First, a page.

J.C. O CPA R T •FEB TiFTOH DAILY TRimJi*3 T • *V» O * * M E H 116-118 South Main Street, Tipton. Smart, Durable, Comfortable For. Summer Wear its Plain button-on and flapper; models in a Ichoice vari- - etyiof style treatments and fabric combinations. Every garment carefully cut and sturdily tailored. Broadclotji, Linen, Seersucker and Peggyi Cloth are among the fabrics. Mothers like our . selections and our very moderate prices. j c to 1.98 S c i e t y sistod iu entertaining by Mrs. i I . ' .! Omer Pore, Mrs. J. D. Mason and j Mrs. W. F. Huber. It is important i that every member plaiito be present. Christian Church Aid. Dorcas Club. The Ladies Aid society o£ the West Streef Christian church will be entertained Thursday afternoon at 2:30 o'clock at the home of Mrs. Ray Hicrs 317 Columbia Avenue. Mrs. Hiers will be as- ! Mrs. Fred Reese will entertain I lie Dorcas club, Thursday afternoon at 2:30 o'clock at her home 336 North Conde street at 2:30 o'clock. Members are all asked la be present. I- TONIGHT and Thursday The Greatest Outdoor Classic Ever Heard on the ! Talking Screen—[All Talking n O. Qiramiint Qifture For the first time'. A great red-Wooded theme of early American pioneer days is jlti-ought to yoy. on the all talking screen. Von hearj everything! The bellowing of cattle in Hie mad sl.mipede of the i-ound-iip! The convulsive comedy chatter of the "punches!" AH T |„. dramatic moments of . Wister Hovel and play. broncho - riding big romantic and the beloved Owen Also an All Talking Lloyd Hamilton Comedy TOOT SWEET' Mat.,' 10c and 25c Eve., 15c and 35c | FRIDAY AND SATURDAY Gripping Love Romance of a Singing Minstrel All Music I All Sound All Dialogue HELEN TWELVETREES and FRED SCOTT in "The Grand Parade" A gripping story of old-time minstrelsy, with its pageantry and pa rade—a heart-breaking love theme —joys, tears, laughter—a picture that will live long . in the memory of all who see and hear i*. ALSO PATHE SCUND NEWS, FABLES, REVIEW Extra—ISPECIAL—Extra , t. .. . ; ••• • • | '•' • Friday Night, Sal urday Afternoon, Saturday Night. The Merchants' Gift Shop (Picture Program Only on Friday Afternoon) Nearly $1,00) in Merchandise Free! 300 VALUABLE ARTICLES OF MERCHANDISE GIVEN A1WAY .IN CONJUNCTION WITH PICTURE PROGRAM. The feature of each show will be the" distribution of 100 prizes give a by the Tipton merchants/ Every one entering the 1 heatre will be given a ticket which carries a chance at one of these prizes. ——— DN THE STAGE —, THE MYSTERY MAN Who Spent Eight Tears in the Underworld as a j ! 0angsfcer-*4tee and Hear Him. SPECIAL CHILDREN 'S MATINEE SATURDAY Lecture on law and order, that 1 it does not pay to violate the, law) given by The Mystery Man, who CAUGHT WITH THE GOODS. Sheriff of Hamilton Comity Nabs Young Couple With Booxc. Sheriff T. E. Ramsey of Hamilton county caught a young couple in Noblesville parked in a car in which was five gallons of booze. The sheriff, who was busy with election matters, forgot all about politics when he received a call from the south part of the town saying a booze delivery was about to take place. He made his way to the section in a hurry and spotted the parked-car. Going up to the- machine the officer found a nice looking young couple in-! side. He questioned them and the yofing man gave his name as Henry U. Halfacre of Pittsbovo and showed his driver's license issued in that name. His companion a comely young woman gave her name as Miss Irene Rose and her residence as Gfeentown. When the officer looked in the •back of tlie car he discovered a five gallon can of booze and the young couple were taken to the jail and locked up. TAX PROBLEMS. Public Hearings Resumed By State Tax Survey Commission. Seeking methods by which they can make a more equal distribution of the taxing i burden, members of the Indiana state tax survey commission Wednesday began the second of a series of. two- day public hearings at the Statehouse. Tlie first hearings were held last month and at that time discussions were heard on taxation of "tangible and intangible) property. Corporation taxes was the subject of discussion Wednesday. The discussion of this topic had been divided into four parts— public utilities! industrial corporations and. the effect of corporation taxes on j the industrial development of'.•>."? state. The jncome tax will bo discussed Thursday and, inasmuch as an income tax was proposed at the hearings last month, it was expected that numerous persons and organizations will present arguments in its' behalf. The next hearings will be held May 21 aiid 22. Free! Toy Balloons For the With Any Purchase of Any Merchan —Also and Used Sets he Service Car Tyre and Batri Men Phones* LODGE BANQUET. SIXTH BIRTHDAY. James William Kelley Entertained 'Little Friends Tuesday. Mrs. Scott Kelley entertained Tuesday • afternoon at a prettily appointed children's party at their home on North East street in celebration of-the 6th birthday anniversary of their little son James Willia^n Kelley. There was a big birthday cake with six candles. During the afternoon the fourteen little guests enjoyed a happy time in games and children's contests. Later refreshments were served. The guests were Donovan Coleman, Carlos Afanador, Dorothy Suits, Rachel Cox, Lenore and Betty Horton, Max and Joan TJt-» terback, Ray and Anita Tucker, Junior, Beatrice and Madonna Gwitin. James William received a number of beautiful gifts " from his little friends as tokens of the day. Mrs. Kelley was assisted in entertaining by Mrs. Roscoe .Coleman. MOTHER SLAYER OF SEVEN. Has' Group Picture or Children Taken Before Shooting Them. > Rcbekahs Plan Enjoyable Evening Thursday. The members of Tipton Rebekah lodge No. 502 are anticipating a fine time Thursday night at the.I. O. O. F. hall, when the "Blues" entertain the "Pjnks" at a banquet in the dining hall, at 6:30 o'clock. . The banquet is to be the closing feature in a contest between the Blues and Pinks and members who were loyal in their support of their "isde" in attend- j follows: POPPY DAY. legion and Plans For Auxiliary Sale May Making 24tli. The American Legion and auxiliary of this city jwill conduct the animal sale of poppies here on the Saturday before Memorial Day. The sale y.-ill be on May 24th. Ollie A. Davis er, lias prepared public which explains how the poppies are made and why they should be purchased. The letter. ance are to be banqueted. The Blues, captained by Mrs. Carl Kritscli, are preparing the banquet and promise a real feed in their payment of their debt in losing the contest. Members of both Blues and Pinks who assist? ed in the contest are invited to bu present. An entertainment program will also bo given in connection with the banquet. Our poppy the late fall and post command- d letter to the program begins in At the Ritz. "All-tulking," the new medium o£ the silverscreen, is proving its tremendous power as an. added quality for entertainment at -the' Ritz Theatre this week with the current showing there of "The Virginian." . "The Virginian" is just' the type of picture for which "all- talking" is most admirably suited. An American classic of'the pioneering days in Wyoming, thi: epic theme of red-blooded dramr and beautiful romance is so stupendous, so vast in its great out­ doors scope', that "all-talking" aione can do it full justice. Waltar Huston, as Tampas, is' the most convincing bad man seen and heard since "all-talking" revolutionized the - movie show. world. He plays the role with intense dramatic feeling. Richard Arien as Steve, the wayward buddy of the Virginian, and Mary Brian as Molly Wood, the charming school teacher • with whom the hero falls in love, are equally artistic in their portrayals. . "The Virginian'-' has one more day to run. Better see and hear it. Repeated warnings have been made regarding placing grass, leaves and other rubbish in the streets and alleys where it dan be washed into the sewers. The practice is still indulged in by some and it seems the only way to stop it! is to cause arrests of those guilty. There will be no more warnings. Trash should be piled on the burnedi 185 and oner. early winter 'VOTE RIGHT FOR ONCE." Joker Almost Caused G. O. I* State Head to Vote Wrong. Lebanon, Ind., May 7.—Elza O. Rogers, Republican state chairman, nearly voted the Democratic ticket in the primary election. A board member handed him a l>allot,' at the same time admonishing him to "vote right for once." Rogers entered a booth and had started to- mark the sheet when he found it was a Democratic ballot. The practical jokers gave him a Republican, ballot after'lie had produced proof he voted majority of Republican dates at the last election. for a candi- wlien the manufacture of the poppies is begun by disabled veterans in government liospitals and in special convalescent workshops. Throughout the winter and spring maintained by the disabled men the Auxiliary, are given profitable employment shaping the little red flowerJ-- . The program comes ;to a climax in May when on Saturday before Memorial day iu most communities, the sale of tlie poppies takes place on the streets. .| • The work of making the pop- ids is a Gdd-send to many hundreds of disabled veterans. They are paid one cent each for the flower's they shape and if not too badly disabled can earn a fair day's wage themselves to a without exerting harmful extent. Word of Dentil. Columbus, O., May 7.— Their hearts bullets from a revolver fired by their mbther, seven children of Mrs. Ethel Geller, age forty-four lay dead today. Mrs. Geller, twice married and the mother of eleven children, sold newspapers for a living. It was believed she was distraugnt by the belief that her second husband, colored, would soon be released from the state penitentiary, where he is serving a sentence on a statutory charge. Mrs. Geller shot the . children and then tnrned the weapon on herself. Physicians today said she might recover. Before the shooting, Mrs. Geller_took he/children _to a photo-, ^kafcift Thence; took them home 1 tat^d* ^niijftkwl them. In oed: OM :>y one/; she shot them ihrobffc^e '^hewrt,' putting towel|. OTer^them Jo $ , prevent . powder Tipton friends received^'word Tuesday of the death of Mr. Neer of Prankfortj who died Monday night at the; St. Vincent hospital at Indianapolis, following ah operation at the hospital. Mr. Near was the,father of Mrs. Clayton Rodenfoaugh of Frankfort, who is a former Tipton resident. 'Mr. and Mrs. Rodenbaugh and faintly were, formerly well known residents and they • have . many friends who will regret to learn of Mrs. Rodenbaugh's loss. Mr.-| Rodenbaugh was foreman at the round house of the Nickel Plate yards. • ' .Funeral services will be held Thursday 5-1 afternoon at 2:30 o'clock at the late home of Mr. Neer in Frankfort. Section 4--of the West Street pennjr,supper at; the^chntfch: fljitr: urday evening-May- 24th from 5 Morri.':aw, to 7. The work is given only to men receiving little or no government compensation anjd for many it is the only possibility o£ earning money during.tie year. The sale is conducted entirely by volunteer workers and every Denny received goes into direct relief for the disabled men and the -dependents of the dead and disabled! The bulk of the poppy funds remains in the communities where they expended by posts and ;' in throughout the are raised, being •the local Legion Auxiliary units in re- the communities year. No price is fixed for the poppy. The., newsboy's business man's pennies and the dollar are equally acceptable. The amount dropped into the box of the poppy seller is a.donation tjo relieve, the suffering caused by the. War The purpose of the i Auxiliary's poppy program 1 B to place the symffol of heroic sacrifice above the heart of every true American, giving <it the same time | an opportunity to serve the. War's living victims. ; • Every true American Citizen !s asked to get behind the Auxiliary Poppy sales, give Just as freely Itfffc -^rei our obligation •comrades. •'—•••yj 'l-- 0L.LIE--.A-.'DAVISON Commander :Chas. . Sturdevant rengih and Service ,0 the motoring public the three emblems shown above stand for all that is good in gasoline and motor oils. White Star products have always been rioted for their dependability.... their uniform fine quality. They have never been cheapened to meet a price....they never will. Yet with;all their points of superiority you pay no more for White Star gasoline and motor oils than yon pay for the ordinary. It's a good rale to buy at the sign of the White Star.... always! ^Jtjprir ^WmjS ^»«Tent powder! , * /'^.s, , , "Commwder Chas. .Sturdevant ir : :t^ftSft^^ mmm- Uuras. f jJfe»'- ^ ' Tribn nt .& t ^ds ? 4»r> , < 2 Post.No. 46 American-Legion. l ^l|flHHPsi^^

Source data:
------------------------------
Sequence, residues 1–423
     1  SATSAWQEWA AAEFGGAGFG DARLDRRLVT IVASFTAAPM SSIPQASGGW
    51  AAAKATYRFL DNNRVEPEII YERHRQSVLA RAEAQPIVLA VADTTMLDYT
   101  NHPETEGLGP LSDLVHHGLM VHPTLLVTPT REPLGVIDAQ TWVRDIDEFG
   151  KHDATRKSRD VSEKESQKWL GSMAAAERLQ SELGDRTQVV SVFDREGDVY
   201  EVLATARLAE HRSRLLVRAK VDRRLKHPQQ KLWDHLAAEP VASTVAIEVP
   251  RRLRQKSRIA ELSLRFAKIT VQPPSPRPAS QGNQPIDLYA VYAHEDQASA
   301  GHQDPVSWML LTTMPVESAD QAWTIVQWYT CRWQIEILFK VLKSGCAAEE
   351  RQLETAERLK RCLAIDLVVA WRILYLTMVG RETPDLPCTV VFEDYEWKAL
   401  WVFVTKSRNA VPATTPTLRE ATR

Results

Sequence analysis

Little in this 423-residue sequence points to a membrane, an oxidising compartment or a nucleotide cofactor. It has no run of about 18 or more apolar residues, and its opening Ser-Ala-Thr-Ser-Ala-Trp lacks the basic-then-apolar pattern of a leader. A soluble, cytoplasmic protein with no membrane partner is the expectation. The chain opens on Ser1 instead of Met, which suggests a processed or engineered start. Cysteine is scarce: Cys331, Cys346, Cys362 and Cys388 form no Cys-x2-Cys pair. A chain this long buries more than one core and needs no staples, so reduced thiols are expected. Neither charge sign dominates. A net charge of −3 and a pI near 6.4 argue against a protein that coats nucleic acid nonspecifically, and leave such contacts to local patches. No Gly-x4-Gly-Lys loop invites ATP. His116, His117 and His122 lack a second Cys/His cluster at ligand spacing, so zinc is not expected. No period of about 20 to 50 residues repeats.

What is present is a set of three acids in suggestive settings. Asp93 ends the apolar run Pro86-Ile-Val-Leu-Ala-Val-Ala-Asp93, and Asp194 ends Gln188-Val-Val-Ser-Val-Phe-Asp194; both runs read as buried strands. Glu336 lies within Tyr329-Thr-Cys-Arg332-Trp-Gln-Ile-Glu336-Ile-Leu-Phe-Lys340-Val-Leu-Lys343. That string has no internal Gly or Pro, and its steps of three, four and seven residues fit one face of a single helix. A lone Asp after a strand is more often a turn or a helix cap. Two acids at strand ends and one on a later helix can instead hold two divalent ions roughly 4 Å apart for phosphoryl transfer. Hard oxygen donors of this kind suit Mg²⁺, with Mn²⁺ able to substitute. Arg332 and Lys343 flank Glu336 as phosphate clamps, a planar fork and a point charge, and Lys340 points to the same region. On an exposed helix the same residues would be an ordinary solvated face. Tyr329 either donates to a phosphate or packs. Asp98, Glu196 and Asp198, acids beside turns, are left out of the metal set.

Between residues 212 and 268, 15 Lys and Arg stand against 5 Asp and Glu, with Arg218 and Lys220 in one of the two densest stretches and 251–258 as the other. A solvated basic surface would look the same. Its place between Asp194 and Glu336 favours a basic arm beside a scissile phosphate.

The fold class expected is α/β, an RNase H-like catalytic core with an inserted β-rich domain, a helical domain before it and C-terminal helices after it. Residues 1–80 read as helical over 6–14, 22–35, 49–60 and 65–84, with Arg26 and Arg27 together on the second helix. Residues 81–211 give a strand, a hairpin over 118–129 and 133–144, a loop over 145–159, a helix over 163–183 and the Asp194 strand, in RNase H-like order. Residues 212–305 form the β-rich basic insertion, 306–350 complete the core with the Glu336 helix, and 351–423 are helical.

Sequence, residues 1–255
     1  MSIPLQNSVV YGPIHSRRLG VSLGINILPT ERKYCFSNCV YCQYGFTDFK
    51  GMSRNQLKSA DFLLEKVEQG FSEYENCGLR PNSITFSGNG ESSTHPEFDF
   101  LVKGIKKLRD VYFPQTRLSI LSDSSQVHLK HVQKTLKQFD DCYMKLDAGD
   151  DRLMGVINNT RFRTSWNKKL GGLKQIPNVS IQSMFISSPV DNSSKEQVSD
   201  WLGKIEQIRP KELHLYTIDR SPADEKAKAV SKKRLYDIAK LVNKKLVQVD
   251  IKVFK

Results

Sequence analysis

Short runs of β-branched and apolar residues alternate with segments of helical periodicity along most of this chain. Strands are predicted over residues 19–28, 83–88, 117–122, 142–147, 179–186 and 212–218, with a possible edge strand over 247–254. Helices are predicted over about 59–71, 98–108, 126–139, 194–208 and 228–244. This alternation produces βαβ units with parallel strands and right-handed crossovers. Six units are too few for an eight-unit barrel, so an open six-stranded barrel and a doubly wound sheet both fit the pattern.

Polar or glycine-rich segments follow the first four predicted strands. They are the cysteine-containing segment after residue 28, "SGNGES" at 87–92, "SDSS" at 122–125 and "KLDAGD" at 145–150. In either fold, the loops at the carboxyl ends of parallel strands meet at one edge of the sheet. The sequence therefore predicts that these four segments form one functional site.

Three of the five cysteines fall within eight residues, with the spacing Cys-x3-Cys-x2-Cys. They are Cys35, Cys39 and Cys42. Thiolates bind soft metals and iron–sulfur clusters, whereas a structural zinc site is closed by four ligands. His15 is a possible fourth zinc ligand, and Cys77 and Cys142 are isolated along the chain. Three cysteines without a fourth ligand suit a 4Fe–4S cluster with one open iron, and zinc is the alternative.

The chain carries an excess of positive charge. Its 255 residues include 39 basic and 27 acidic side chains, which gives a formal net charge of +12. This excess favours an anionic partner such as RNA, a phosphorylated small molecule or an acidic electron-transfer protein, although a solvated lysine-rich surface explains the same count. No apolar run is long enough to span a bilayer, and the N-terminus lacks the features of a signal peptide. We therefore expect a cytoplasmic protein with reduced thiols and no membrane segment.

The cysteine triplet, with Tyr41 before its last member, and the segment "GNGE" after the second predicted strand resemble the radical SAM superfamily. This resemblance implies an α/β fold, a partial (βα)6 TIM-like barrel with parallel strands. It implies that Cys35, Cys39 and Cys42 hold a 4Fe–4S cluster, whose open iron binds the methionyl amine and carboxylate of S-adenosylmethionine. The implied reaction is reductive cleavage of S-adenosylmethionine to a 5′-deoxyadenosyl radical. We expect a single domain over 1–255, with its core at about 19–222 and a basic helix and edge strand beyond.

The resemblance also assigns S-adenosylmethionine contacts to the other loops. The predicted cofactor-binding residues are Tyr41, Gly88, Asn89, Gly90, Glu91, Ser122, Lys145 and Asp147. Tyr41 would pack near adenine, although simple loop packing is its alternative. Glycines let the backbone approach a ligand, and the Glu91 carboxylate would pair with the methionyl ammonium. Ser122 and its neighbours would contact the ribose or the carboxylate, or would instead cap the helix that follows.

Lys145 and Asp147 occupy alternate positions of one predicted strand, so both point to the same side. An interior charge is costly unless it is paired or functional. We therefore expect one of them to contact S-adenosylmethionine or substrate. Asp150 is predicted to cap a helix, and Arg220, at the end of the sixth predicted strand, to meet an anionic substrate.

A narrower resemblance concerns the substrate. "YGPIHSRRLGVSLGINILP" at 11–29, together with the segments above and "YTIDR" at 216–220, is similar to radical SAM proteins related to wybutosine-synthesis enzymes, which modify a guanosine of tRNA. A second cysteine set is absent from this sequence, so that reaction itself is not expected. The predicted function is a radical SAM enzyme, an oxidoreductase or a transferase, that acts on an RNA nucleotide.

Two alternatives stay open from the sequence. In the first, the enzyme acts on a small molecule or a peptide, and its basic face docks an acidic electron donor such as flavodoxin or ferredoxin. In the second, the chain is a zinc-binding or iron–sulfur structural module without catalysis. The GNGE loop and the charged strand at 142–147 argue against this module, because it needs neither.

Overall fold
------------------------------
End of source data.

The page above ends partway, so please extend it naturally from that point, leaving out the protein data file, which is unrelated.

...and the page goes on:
What members have found on this page

Get access to

  • The largest online newspaper archive
  • 11,100+ newspapers from the 1700s–2000s
  • Millions of additional pages added every month

Try it free